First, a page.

The Impossibility of ‘Women’s Politics’: A Clue to Why the Memory of the First-Wave Feminists in Kerala Was Erased

 [This is an excerpt from a historical chapter on women and politics in 20th century Kerala from J Devika and Binitha V Thampi,  New Lamps for Old? Gender Paradoxes of Political Decentralisation in Kerala, New Delhi: Zubaan)

…. From the early 20th century onwards, a clear divide is perceptible between the the Travancore government and the newly-educated male elite active in the nascent civil society on the question of women’s role in public politics. For the former, fostering women’s presence in this new domain was linked to the Travancore kingdom’s need to convince the British rulers of its ‘progressiveness’. For the latter, however, public politics was the arena for the modernising communities of Travancore to compete for resources and make demands for rights upon the state. Advancing the interests of women as a separate group was read as undermining the internal unity that communities required in these contests.1 In the discourse of the former, ‘women’ often referred to matrilineal women; in that of the latter, the same category was conceived of within the new patriarchy emergent in social and community reformism, in which secularised brahmanical patriarchy identified women with the ‘social’, rather than the ‘political’. Continue reading “The Impossibility of ‘Women’s Politics’: A Clue to Why the Memory of the First-Wave Feminists in Kerala Was Erased”

‘Headstrong, Mannish, Perfervid’: The First-Generation Malayali Feminist and Her Times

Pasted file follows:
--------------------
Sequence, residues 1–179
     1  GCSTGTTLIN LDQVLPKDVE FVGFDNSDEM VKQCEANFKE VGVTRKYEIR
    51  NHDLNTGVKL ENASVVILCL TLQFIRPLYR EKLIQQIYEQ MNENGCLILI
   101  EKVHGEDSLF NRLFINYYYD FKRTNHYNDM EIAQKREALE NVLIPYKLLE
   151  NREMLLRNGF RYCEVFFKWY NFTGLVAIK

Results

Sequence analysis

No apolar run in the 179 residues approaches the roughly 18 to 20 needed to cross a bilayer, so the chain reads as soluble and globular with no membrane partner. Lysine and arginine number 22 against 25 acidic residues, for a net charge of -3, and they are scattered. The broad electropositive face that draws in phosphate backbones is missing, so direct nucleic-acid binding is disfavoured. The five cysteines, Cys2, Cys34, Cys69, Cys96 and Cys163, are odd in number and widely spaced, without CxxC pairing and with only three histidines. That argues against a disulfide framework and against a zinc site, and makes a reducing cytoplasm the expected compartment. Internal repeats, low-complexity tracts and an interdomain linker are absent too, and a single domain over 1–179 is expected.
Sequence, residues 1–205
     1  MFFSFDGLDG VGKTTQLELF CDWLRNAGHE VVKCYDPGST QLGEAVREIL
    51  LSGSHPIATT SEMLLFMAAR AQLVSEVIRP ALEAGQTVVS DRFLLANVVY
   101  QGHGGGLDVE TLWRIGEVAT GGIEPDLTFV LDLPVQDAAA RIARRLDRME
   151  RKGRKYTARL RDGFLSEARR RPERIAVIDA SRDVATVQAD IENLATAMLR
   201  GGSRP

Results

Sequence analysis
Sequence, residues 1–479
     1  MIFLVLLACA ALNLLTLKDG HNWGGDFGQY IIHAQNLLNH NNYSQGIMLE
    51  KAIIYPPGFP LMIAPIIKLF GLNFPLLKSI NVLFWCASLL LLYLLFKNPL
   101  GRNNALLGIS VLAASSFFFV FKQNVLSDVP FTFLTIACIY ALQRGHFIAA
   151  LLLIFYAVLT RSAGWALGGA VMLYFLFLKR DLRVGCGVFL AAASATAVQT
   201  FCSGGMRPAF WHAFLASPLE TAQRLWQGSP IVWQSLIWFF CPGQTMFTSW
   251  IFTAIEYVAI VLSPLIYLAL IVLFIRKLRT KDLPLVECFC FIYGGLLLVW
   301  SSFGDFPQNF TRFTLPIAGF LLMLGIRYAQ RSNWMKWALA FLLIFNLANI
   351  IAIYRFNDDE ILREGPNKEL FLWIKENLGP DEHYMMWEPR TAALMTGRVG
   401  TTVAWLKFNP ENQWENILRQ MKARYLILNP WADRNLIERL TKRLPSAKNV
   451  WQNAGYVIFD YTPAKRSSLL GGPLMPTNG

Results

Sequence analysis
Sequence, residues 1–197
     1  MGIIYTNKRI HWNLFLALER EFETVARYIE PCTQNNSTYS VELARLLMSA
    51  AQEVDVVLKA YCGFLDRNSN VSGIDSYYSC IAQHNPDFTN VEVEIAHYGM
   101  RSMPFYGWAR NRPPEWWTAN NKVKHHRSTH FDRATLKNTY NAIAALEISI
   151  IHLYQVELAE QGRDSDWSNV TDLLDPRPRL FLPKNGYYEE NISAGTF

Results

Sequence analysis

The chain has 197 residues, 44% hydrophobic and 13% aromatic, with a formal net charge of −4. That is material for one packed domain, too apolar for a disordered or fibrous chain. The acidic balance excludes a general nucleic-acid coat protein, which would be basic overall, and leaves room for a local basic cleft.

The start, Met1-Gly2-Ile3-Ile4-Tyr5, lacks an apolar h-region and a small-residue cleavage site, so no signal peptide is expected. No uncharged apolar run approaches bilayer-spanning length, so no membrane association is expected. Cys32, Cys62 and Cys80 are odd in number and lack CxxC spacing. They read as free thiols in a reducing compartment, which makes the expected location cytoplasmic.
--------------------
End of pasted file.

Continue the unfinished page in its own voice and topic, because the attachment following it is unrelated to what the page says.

(This introductory essay first appeared in the book Her-Self (Stree/Samya, Kolkata, 2005), a collection of  (translated) essays by Malayali women written between the 1890s and 1940, compiled and translated by J Devika. This was written soon after the first flush of discovery; I have grown more critical of this legacy now! )


Writing to C.W.E. Cotton, Agent to the Governor of Madras in response to his inquiries regarding a certain Lakshmikutty Amma from Tiruvitamkoor, M. E. Watts, the Dewan of Tiruvitamkoor remarked:  “This clever young Nair lady has got on by her own efforts. She is headstrong, mannish and full of the perfervid spirit that espouses lost causes”. The young lady in question was the daughter of a retired senior official in the Tiruvitamkoor Education Department, and had taught at Queen Mary’s College, Madras, before she proceeded on leave to London for studies in 1926. There she is said to have completed studies in a year and then set off all by herself on a tour of Europe, with the help of friends, she claimed. Watts observed that Lakshmikutty had made friends with K. M. Panikkar and the “Strickland crowd”, and her antecedents made her rather suspect. Watts had been informed that early in the 1920s, as a schoolteacher in Thiruvananthapuram, she was deeply interested in Gandhi and non-cooperation, and even tried to popularise these subjects among her pupils. He, however, remarked that now she      was on her way back to Thiruvananthapuram, the best place to cool her ardour. 1 Continue reading “‘Headstrong, Mannish, Perfervid’: The First-Generation Malayali Feminist and Her Times”